Presentation on theme: "Private Sector Malaria Case Management: Experience from 7 years of implementation in Cambodia Presented by Dr. Socheat, Director of CNM RBM Working Group."— Presentation transcript:
Private Sector Malaria Case Management: Experience from 7 years of implementation in Cambodia Presented by Dr. Socheat, Director of CNM RBM Working Group on Case Management 8-9 July 2009, Geneva
Overview of Presentation Private Sector in Cambodia Background Current Private Sector Interventions Outcomes of Social-Marketing Program Challenges with Private Sector Approach Addressing Challenges/Planned Interventions
Private Sector in Cambodia About 2/3 of people with febrile illness report seeking treatment in the private sector (CMS 2007). Private providers range from trained medical providers practicing at registered clinics to untrained mobile providers selling drugs alongside household products. There is wide availability of monotherapies and sub- standard/counterfeit drugs.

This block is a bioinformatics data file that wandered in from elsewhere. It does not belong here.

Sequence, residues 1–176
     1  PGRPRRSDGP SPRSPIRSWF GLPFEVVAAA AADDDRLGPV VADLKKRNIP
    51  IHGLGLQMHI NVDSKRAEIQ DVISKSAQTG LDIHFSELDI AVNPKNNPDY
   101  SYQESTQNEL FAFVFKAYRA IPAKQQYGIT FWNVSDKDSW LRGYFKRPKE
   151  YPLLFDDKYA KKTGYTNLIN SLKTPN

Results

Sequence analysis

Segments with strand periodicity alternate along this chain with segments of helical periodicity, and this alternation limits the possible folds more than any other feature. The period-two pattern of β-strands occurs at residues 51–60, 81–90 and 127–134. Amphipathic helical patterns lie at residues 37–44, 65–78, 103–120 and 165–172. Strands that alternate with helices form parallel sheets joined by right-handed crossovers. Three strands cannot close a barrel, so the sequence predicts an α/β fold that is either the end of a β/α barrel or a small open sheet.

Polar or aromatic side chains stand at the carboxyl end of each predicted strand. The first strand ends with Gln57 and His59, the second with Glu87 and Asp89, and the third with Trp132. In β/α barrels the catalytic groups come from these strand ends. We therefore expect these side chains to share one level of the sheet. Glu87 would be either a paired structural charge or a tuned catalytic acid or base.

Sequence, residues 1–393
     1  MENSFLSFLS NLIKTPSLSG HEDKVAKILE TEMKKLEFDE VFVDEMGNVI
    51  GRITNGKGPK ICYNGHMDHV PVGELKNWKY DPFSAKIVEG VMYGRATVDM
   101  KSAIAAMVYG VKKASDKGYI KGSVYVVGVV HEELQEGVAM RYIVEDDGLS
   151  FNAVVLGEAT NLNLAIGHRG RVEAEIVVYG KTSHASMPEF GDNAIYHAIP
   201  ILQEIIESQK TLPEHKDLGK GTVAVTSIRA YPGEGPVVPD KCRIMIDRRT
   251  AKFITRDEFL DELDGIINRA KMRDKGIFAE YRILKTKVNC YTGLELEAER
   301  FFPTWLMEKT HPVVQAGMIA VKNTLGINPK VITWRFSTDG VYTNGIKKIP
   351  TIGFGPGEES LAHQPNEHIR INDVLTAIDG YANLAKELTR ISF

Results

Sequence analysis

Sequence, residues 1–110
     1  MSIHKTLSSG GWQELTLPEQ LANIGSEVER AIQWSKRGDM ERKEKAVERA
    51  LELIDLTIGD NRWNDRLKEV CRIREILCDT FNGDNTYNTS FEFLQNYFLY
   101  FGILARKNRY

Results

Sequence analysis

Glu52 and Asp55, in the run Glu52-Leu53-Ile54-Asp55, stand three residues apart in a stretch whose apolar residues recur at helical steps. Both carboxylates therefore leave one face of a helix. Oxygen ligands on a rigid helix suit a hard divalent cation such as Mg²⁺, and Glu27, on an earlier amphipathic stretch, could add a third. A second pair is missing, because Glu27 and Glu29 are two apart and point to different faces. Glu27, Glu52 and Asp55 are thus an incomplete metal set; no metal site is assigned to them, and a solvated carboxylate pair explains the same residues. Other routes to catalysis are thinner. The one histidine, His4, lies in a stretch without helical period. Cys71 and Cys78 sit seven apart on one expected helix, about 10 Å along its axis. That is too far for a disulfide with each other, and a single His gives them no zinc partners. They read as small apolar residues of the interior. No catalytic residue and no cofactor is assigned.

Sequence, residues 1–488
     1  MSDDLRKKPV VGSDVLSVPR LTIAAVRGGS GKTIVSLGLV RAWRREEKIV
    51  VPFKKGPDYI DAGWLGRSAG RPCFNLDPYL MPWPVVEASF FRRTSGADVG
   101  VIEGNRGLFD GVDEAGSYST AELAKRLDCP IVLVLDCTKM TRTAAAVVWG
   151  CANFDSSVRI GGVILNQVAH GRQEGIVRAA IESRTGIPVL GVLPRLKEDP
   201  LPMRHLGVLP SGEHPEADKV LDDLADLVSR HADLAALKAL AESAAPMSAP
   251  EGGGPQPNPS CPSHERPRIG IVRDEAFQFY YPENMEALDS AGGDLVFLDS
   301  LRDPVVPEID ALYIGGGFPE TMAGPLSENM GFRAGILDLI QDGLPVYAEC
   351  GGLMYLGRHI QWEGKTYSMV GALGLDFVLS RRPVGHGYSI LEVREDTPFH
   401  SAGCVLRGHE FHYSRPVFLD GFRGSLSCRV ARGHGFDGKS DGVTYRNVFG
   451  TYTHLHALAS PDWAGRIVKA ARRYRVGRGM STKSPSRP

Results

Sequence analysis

Background The public sector is gradually being strengthened with the aim that the population will eventually mainly access affordable effective treatment through the public health facilities. However the private sector has been and will continue to be an important and popular source of antimalarial treatment. Unfortunately the quality of care is often inadequate with low rates of diagnosis, low compliance to national guidelines and selling of fake and substandard drugs and artemisinin monotherapies. In addition, cases of malaria seen by the private sector are not reported to the health information system, making malaria surveillance and control very difficult. It is vital that there is clear national strategy for the use of antimalarials in the private sector in order to maximise access to affordable effective diagnosis and treatment for patients with malaria, whilst limiting poor practice. 4
Current Private Sector Interventions (1) Cambodia was the first country to pilot and then scale-up the provision of subsidized ACTs in the private sector, in 2002. AS+MQ is socially-marketed in endemic provinces as Malarine®. Rapid Diagnostic Tests are also socially-marketed as Malacheck®. The project is implemented by PSI and financed by Global Fund grants.